preliminary surveys of a university college choral society,” The Journal of The Royal Society
for the Promotion of Health 121 (2001): 249.
3. Clift and Hancox, “The perceived benefits of singing: findings from preliminary surveys of a
university college choral society,” 250.
4. Susan Hallam, The power of music: its impact on the intellectual, social and personal
development of children and young people (London: University of London, 2010), 1.
5. Susam Hallam, The power of music: its impact on the intellectual, social and personal
development of children and young people 1.
obtained through singing are transferrable to other aspects of our lives, making us a completed and
all-round individual. Personally, facing the fear of judgement and rejection when it comes to
performing in front of people has helped me to be much more confident in normal social situations,
increased my self-esteem and sense of achievement, and given me the patience needed for other
fields.

Second, 5 participating in musical groups promotes friendships with like-minded people, giving
people a sense of belonging; team work; self-discipline; a sense of accomplishment; co-operation;
responsibility; commitment; mutual support; bonding to meet group goals; increased concentration
and provides an outlet for relaxation. From my own experience, working with like-minded people
who are also passionate with music is the most fulfilling experience. Music is the universal language
that brings people from all around the world close together. Singing and making music have made
me a lot of friends from many countries around the world, bringing their culture and ways of
thinking closer to me and teaching me many lessons. Moreover, singing in a group in Glee Singing
classes teaches me to team-work in a way that I have never experienced before. It is truly magical to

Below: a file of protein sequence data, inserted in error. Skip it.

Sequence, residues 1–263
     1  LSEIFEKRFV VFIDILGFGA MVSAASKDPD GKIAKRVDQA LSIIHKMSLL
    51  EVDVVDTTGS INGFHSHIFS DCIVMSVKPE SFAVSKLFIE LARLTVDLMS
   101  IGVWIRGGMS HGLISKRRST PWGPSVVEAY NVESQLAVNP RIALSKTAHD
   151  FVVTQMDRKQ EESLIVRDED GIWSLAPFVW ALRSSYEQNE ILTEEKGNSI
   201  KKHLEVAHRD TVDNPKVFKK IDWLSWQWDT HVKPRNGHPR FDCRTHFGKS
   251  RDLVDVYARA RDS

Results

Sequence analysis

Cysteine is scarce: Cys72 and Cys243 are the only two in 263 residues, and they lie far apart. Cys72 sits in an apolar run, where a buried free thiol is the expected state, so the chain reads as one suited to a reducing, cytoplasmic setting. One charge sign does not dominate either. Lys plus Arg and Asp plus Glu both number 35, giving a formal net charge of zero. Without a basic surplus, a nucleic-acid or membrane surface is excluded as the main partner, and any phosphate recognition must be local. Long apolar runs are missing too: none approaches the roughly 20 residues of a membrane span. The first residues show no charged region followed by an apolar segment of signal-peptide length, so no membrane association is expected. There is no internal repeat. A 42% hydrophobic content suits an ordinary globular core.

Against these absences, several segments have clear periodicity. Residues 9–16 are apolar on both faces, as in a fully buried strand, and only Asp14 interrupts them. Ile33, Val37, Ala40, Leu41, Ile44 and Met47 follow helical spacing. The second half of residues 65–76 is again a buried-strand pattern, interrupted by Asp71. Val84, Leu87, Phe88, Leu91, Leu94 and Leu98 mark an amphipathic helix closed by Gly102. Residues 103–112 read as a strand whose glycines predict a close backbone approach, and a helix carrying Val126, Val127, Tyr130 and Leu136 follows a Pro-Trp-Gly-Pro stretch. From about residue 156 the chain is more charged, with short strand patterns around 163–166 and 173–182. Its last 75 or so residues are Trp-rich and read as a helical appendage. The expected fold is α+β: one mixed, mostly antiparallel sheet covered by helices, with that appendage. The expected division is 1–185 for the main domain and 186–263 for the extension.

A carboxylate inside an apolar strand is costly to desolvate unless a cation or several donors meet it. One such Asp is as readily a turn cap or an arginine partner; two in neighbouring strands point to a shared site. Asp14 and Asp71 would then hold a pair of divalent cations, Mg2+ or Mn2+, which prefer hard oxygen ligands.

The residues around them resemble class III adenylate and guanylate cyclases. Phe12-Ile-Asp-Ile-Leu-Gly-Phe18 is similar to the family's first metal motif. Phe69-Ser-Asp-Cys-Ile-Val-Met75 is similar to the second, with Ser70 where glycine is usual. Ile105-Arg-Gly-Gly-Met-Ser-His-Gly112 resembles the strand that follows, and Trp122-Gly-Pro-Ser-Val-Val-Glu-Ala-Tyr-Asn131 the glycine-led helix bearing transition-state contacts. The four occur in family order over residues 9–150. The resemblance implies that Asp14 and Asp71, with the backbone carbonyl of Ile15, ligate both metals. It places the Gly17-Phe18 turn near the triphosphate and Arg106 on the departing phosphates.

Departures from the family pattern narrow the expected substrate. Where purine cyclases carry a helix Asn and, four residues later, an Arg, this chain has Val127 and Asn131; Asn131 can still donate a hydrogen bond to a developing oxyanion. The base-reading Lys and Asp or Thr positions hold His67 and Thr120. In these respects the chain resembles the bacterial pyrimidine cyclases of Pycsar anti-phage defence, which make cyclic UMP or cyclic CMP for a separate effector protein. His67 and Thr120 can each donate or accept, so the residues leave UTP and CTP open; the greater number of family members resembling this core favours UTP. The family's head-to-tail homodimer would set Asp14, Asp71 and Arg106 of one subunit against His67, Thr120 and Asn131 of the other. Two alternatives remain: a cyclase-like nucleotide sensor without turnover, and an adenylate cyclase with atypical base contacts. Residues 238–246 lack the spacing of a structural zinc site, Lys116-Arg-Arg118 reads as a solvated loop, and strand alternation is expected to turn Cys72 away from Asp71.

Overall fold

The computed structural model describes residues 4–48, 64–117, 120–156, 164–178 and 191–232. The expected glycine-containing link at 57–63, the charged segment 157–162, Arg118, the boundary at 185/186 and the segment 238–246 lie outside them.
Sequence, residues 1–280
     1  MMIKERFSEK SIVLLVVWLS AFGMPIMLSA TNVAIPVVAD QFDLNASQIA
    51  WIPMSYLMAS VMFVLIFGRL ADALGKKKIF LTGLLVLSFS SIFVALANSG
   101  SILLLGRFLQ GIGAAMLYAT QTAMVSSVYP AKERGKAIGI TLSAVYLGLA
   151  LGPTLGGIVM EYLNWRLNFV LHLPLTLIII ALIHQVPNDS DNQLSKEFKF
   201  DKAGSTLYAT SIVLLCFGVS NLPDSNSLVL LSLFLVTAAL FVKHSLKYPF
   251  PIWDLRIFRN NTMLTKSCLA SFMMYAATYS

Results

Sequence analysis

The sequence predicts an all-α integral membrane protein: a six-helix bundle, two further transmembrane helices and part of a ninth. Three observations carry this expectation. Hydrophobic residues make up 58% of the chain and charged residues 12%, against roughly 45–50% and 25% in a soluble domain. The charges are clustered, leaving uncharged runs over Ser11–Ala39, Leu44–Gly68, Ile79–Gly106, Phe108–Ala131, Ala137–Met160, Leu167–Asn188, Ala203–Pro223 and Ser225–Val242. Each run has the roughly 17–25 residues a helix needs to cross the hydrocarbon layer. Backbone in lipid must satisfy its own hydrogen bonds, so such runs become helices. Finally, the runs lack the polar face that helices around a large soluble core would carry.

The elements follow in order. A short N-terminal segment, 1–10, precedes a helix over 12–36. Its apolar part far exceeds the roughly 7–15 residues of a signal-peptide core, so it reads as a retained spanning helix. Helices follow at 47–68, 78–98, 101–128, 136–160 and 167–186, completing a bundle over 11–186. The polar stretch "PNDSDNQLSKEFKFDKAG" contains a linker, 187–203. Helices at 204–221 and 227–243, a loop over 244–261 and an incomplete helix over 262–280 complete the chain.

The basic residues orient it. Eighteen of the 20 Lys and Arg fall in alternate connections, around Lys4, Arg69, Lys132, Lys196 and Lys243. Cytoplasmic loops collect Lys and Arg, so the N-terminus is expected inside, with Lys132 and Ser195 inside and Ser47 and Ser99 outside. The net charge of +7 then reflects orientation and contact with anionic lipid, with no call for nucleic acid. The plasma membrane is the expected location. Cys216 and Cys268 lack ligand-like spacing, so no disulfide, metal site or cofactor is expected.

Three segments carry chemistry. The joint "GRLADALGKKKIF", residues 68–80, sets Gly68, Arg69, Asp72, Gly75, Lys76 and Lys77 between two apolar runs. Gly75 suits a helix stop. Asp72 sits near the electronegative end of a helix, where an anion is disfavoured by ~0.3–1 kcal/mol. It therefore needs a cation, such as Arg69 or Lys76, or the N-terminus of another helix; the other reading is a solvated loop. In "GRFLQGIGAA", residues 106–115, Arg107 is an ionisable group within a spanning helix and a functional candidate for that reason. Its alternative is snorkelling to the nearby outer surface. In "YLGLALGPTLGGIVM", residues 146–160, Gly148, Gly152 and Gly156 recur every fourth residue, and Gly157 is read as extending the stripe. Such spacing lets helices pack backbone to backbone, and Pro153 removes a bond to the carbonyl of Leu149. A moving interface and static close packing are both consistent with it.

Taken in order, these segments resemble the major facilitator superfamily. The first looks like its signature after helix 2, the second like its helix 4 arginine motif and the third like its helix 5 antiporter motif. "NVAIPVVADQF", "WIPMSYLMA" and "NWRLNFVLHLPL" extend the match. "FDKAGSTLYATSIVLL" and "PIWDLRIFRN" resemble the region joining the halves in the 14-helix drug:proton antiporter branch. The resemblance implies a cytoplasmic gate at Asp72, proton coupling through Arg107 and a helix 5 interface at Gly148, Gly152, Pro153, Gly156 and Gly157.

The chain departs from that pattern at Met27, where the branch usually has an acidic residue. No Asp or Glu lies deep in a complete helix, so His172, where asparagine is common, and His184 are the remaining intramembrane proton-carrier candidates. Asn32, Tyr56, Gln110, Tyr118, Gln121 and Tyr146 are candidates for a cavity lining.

be in a singing group for the first time listening to my voice harmonising to other people. It shows
me a new way to make music and what is possible with only our voice.

Conclusion

Singing has numerous physical, mental, spiritual, emotional, personal, and social benefits to
ourselves. It is important to understand these benefits to maximise them, and to make singing an
even more satisfying and meaningful art.

1. Marcia Herndon and Norma McLeod, Music as Culture (Darby, Pennsylvania: Norwood
Editions, 1982), 134.
2. Stephen M Clift and Grenville Hancox, “The perceived benefits of singing: findings from
preliminary surveys of a university college choral society,” The Journal of The Royal Society
for the Promotion of Health 121 (2001): 249.
3. Clift and Hancox, “The perceived benefits of singing: findings from preliminary surveys of a
university college choral society,” 250.
4. Susan Hallam, The power of music: its impact on the intellectual, social and personal
development of children and young people (London: University of London, 2010), 1.
5. Susam Hallam, The power of music: its impact on the intellectual, social and personal
development of children and young people 1.